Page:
For Lori Wagner and Ian Wagner
by Lamont Palmer
From the sea, the sun ascended like angels,
its heat sweeping up in bursts of movement,
its tense corona: hot matters to be settled.
I could live in huts of pictures, huts of thoughts.
I could speak as if the ocean had anecdotes.
When silence comes, it's held like grains of sand.
I chased down freshness before I knew what it was.
There, on 6th and Boardwalk, was a salty birth;
all sand, all spray, all air and remembrance.
It was not half bad in that seaside trailer,
that taciturn dwelling, narrow, but lovely with
the thought of a peace - a particular peace.
Your brother died before the ocean knew him,
before, from that trailer, he could consider his life,
and before tall whimbrels cried over groveling waves -
He bought that future; never lived it. Died on cold sand.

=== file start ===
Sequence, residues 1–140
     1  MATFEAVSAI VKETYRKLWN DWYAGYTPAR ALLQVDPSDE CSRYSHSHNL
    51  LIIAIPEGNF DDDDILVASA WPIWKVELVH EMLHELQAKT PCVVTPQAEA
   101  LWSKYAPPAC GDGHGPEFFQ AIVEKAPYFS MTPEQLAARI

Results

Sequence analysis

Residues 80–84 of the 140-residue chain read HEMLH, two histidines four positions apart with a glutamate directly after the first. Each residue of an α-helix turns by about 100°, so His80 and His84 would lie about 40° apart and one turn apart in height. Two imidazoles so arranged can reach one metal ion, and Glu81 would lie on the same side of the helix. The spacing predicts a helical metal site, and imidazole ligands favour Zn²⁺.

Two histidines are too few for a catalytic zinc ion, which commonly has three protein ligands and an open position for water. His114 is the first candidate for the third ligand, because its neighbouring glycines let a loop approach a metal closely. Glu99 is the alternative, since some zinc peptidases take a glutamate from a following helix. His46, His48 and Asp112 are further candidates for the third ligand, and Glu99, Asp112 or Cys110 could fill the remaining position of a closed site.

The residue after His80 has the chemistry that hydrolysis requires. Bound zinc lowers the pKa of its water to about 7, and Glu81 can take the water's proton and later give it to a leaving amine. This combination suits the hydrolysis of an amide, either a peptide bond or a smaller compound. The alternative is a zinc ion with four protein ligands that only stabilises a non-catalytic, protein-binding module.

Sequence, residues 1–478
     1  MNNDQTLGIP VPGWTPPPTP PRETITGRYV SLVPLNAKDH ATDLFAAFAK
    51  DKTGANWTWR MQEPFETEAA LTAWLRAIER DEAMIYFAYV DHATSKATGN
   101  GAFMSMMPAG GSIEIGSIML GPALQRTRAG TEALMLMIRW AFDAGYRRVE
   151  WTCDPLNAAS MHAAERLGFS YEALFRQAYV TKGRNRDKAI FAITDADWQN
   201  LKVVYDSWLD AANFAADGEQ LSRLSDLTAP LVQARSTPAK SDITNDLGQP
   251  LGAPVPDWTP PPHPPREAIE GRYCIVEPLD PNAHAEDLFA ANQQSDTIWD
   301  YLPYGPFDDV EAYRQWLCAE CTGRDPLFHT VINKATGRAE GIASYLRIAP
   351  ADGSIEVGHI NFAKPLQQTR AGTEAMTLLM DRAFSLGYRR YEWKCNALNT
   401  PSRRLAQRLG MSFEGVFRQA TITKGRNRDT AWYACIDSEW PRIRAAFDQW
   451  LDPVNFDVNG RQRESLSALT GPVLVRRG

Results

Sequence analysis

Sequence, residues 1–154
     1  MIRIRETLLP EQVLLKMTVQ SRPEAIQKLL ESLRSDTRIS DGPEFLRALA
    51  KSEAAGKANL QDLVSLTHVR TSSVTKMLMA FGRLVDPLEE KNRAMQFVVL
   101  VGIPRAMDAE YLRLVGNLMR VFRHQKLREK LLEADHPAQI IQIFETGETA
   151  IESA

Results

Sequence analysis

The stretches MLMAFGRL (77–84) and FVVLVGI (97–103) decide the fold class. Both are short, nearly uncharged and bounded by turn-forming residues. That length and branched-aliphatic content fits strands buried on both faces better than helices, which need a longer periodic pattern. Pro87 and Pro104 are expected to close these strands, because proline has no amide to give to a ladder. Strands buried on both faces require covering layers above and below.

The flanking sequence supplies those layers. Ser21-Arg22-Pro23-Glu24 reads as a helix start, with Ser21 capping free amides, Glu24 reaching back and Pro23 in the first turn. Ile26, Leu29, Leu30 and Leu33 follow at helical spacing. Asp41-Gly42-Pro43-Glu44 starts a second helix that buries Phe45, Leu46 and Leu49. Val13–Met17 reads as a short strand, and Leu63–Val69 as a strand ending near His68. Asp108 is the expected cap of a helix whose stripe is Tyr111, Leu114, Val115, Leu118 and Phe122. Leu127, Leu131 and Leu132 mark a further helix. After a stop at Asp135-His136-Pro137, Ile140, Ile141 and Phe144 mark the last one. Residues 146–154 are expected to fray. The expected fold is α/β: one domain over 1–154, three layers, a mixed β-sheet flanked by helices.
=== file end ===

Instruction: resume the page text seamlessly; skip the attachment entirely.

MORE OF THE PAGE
Why is there a haunting? Why do specters
sit in the fullness of mists, their afterlives
tied to the former life of dwellers and thinkers,
bent on receiving elusive explanations?
He clung to me and I never knew him,
which is the strangest visitation of all,
the inexplicable shadow, moving slow.
In all the seas, there are inexplicable faces,
in all the houses loving the shore, there is confession.
The water washes in memories, even
the ones that crash through calm sanity,
even when coastal city streets prepare for doom -
an image of a stranger sings as hard as cymbals.
Air is distorted. Shops are mute as seaweed.
Many are dead; many have never lived.
Among the new ghosts, one cries the deepest.